Financial support for the present study was received from the Science and Technology Innovation 2030 Major Projects (No. 2022ZD0211600 to YZ), the National Natural Science Foundation of China (Nos. 81870901 and 82071272 to YZ), and the Ministry of Science and Technology of China (No. 2020YFC2006000 to YZ). The financial contributors had no role in the design, analysis, or writing of this article.
We thank all the study participants and all the graduate students for their participation. We also thank the doctors, nurses, and clinical supervisors for their contributions, and the field coordinators at the Qinglinjie, Gangduhuayuan, and Liyuan community health centers and Dawu Chinese traditional medicine hospital.
Conflict of interest
The authors declare that the research was conducted in the absence of any commercial or financial relationships that could be construed as a potential conflict of interest.
All claims expressed in this article are solely those of the authors and do not necessarily represent those of their affiliated organizations, or those of the publisher, the editors and the reviewers. Any product that may be evaluated in this article, or claim that may be made by its manufacturer, is not guaranteed or endorsed by the publisher.
The Supplementary Material for this article can be found online at: https://www.frontiersin.org/articles/10.3389/fnagi.2023.1200671/full#supplementary-material
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Keywords: dementia, chronic disease, community-dwelling older adults, synergistic effect, lifestyle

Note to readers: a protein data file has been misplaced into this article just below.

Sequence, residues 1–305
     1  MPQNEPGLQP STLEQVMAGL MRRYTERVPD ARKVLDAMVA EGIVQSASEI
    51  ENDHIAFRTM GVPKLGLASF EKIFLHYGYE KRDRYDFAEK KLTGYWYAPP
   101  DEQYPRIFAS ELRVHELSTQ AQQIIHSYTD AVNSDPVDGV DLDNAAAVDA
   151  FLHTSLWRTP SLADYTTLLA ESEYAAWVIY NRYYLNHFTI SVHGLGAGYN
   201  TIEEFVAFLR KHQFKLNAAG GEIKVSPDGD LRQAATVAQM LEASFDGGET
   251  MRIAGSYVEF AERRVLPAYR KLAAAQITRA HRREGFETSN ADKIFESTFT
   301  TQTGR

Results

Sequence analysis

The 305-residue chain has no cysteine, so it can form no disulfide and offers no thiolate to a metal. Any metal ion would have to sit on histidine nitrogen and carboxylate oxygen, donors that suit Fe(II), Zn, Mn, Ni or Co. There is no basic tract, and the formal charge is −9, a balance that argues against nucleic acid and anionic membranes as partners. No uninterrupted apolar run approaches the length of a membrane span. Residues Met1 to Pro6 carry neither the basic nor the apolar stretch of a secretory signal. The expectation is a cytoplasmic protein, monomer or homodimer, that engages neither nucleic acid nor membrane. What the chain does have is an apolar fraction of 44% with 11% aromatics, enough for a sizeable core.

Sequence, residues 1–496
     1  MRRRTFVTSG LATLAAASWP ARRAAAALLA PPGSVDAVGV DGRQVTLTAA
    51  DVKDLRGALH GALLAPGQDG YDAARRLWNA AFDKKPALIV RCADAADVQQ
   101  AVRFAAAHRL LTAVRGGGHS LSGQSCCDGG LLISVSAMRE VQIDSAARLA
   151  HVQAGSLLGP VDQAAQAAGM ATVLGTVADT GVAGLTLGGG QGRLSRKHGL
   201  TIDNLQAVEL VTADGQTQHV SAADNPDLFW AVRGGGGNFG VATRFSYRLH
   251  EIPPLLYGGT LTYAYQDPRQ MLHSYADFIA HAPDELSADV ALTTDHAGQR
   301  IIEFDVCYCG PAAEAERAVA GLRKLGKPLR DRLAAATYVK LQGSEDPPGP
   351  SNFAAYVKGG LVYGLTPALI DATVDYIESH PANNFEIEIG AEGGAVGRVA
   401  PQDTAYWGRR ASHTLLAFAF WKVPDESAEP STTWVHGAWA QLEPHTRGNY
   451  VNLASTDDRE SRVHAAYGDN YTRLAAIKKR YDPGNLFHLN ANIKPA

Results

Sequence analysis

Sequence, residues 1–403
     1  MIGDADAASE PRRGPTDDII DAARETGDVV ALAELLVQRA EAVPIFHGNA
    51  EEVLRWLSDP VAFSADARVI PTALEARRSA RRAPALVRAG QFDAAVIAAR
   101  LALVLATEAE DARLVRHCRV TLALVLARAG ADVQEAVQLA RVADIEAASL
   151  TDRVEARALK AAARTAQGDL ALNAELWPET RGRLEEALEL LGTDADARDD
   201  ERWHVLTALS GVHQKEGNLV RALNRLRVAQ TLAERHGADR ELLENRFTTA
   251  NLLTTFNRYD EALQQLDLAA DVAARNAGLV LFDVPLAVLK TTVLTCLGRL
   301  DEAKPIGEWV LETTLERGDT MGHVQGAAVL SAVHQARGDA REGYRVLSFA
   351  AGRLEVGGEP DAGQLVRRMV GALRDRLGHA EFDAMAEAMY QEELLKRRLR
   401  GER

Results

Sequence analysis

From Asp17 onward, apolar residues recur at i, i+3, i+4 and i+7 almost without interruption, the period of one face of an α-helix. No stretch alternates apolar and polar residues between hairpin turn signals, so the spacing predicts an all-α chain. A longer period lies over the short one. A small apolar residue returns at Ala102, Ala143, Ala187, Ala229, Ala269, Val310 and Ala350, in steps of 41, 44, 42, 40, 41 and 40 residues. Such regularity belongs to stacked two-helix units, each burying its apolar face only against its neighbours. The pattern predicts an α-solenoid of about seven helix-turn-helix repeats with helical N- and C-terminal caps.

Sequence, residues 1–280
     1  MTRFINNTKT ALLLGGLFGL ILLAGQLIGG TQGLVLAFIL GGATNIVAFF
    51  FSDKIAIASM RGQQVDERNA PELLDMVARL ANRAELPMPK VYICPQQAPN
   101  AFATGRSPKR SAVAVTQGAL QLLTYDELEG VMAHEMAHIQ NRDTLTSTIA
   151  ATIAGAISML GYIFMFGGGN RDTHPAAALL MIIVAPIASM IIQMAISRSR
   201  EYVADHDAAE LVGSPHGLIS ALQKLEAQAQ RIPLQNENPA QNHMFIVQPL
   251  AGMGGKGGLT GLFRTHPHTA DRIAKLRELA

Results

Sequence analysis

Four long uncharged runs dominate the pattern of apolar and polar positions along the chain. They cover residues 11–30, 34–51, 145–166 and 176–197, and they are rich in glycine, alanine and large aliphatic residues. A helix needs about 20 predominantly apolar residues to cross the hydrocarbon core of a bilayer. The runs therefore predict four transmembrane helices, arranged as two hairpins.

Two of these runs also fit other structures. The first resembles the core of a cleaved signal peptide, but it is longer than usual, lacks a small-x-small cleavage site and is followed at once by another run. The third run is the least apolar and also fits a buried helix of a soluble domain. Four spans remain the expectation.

Citation: Zhang J-j, Wu Z-x, Tan W, Liu D, Cheng G-r, Xu L, Hu F-f and Zeng Y (2023) Associations among multidomain lifestyles, chronic diseases, and dementia in older adults: a cross-sectional analysis of a cohort study. Front. Aging Neurosci. 15:1200671. doi: 10.3389/fnagi.2023.1200671
Received: 05 April 2023; Accepted: 10 July 2023;
Published: 04 August 2023.
Edited by:Guillermo Felipe López Sánchez, University of Murcia, Spain
Reviewed by:Ying Wang, Fudan University, China
Alex Siu-Wing Chan, Hong Kong Polytechnic University, Hong Kong SAR, China
Copyright © 2023 Zhang, Wu, Tan, Liu, Cheng, Xu, Hu and Zeng. This is an open-access article distributed under the terms of the Creative Commons Attribution License (CC BY). The use, distribution or reproduction in other forums is permitted, provided the original author(s) and the copyright owner(s) are credited and that the original publication in this journal is cited, in accordance with accepted academic practice. No use, distribution or reproduction is permitted which does not comply with these terms.
*Correspondence: Yan Zeng, firstname.lastname@example.org
†These authors share first authorship